We are writing a short story based on the antagonist in our novel, a sort of extended back story if you will. We are now three chapers in and still have not found the need to introduce any dialogue. This is not to say that we wont, but so far the storyline is progressing beautifully without any. Is this commonplace in the world of short stories or do we need to rewrite?

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  • If you wrote a story just about an animal (and didn't anthropormorphize it), dialog would be impossible. That wouldn't affect the quality of the story at all.
    – Joe
    Commented Feb 26, 2014 at 20:01
  • Do you want to write something where there are no characters speaking, or where every conversation is just summed up?
    – Andrey
    Commented Mar 29, 2018 at 13:59

8 Answers 8


You absolutely can write a story with no dialogue. You also can write a story using only dialogue. You can and may do anything you wish in a work of fiction. That's what fiction is about. You have free rein. It is your story. And, importantly, it is a work of art. Would anyone have told Leonardo that he couldn't give the Mona Lisa that mysterious smile? Would anyone have told Picasso that he couldn't put both eyes on the same side of a person's head?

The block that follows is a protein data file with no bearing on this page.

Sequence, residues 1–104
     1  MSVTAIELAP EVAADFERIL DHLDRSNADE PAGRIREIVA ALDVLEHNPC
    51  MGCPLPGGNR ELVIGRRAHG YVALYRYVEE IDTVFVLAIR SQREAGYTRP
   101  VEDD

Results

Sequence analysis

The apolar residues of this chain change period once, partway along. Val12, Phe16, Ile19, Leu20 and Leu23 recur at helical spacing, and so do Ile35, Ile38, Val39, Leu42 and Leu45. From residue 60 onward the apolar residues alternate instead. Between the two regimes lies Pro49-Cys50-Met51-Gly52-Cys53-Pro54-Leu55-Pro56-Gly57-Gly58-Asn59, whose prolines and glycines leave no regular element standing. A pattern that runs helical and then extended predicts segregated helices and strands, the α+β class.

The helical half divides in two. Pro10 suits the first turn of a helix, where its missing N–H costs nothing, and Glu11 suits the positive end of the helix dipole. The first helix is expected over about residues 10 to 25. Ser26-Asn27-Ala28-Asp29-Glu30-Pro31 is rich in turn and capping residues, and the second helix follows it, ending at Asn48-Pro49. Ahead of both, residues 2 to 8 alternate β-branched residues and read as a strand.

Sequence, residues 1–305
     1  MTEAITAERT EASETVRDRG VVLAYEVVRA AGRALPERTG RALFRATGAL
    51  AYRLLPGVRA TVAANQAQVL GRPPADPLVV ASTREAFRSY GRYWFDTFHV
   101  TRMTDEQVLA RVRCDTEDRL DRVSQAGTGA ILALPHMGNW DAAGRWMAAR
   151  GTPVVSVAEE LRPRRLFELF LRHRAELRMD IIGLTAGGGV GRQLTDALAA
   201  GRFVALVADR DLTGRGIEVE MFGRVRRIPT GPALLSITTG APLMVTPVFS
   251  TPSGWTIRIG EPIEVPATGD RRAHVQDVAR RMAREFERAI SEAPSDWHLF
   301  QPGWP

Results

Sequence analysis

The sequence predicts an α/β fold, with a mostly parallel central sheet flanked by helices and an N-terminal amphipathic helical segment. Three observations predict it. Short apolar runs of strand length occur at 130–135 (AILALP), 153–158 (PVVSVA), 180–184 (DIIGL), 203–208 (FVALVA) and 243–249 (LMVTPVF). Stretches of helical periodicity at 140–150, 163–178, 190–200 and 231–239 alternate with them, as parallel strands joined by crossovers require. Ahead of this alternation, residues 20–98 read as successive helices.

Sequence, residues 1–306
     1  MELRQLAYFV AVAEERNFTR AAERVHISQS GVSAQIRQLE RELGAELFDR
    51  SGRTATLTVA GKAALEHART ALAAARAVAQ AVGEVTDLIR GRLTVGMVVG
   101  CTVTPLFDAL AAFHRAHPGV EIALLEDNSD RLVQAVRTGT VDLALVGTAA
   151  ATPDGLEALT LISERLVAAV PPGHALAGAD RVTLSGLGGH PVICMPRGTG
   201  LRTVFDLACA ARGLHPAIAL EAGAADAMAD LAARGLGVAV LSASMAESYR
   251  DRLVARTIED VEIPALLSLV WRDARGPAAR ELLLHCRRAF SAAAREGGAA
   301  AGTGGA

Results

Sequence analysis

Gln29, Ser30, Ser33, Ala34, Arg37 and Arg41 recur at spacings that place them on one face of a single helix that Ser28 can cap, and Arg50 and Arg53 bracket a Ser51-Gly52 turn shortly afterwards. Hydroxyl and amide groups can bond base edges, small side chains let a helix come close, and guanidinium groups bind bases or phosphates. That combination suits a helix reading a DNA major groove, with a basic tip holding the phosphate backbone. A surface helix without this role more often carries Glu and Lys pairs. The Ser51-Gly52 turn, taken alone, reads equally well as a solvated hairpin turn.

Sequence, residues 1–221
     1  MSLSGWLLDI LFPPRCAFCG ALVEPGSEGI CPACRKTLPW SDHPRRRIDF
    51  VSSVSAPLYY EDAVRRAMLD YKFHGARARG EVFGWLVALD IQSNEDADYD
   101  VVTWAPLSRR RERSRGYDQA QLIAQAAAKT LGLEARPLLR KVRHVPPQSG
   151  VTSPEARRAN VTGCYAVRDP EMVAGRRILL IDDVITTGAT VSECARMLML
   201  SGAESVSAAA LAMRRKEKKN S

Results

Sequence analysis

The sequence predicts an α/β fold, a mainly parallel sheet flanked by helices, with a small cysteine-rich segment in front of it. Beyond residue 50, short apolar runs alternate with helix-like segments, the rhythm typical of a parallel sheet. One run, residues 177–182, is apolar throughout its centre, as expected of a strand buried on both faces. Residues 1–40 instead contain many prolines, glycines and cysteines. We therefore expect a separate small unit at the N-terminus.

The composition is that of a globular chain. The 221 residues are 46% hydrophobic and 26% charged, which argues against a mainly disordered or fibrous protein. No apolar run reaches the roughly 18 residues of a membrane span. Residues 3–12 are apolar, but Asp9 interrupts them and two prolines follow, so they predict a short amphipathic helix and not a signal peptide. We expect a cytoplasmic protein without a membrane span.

Many, many, many stories have been written without dialogue. Many great ones have done so very effectively. It is a stylistic choice. Whether you use dialogue or not depends on only one thing: Will it accomplish the effect you want?

Something that is becoming increasingly evident to me the more I read the questions posted here is that the number one absolutely most important learning tool for new writers is being shockingly ignored. And what, you may ask, is this astoundingly marvelous device that can so miraculously help new writers learn to write?

It is this: Other stories.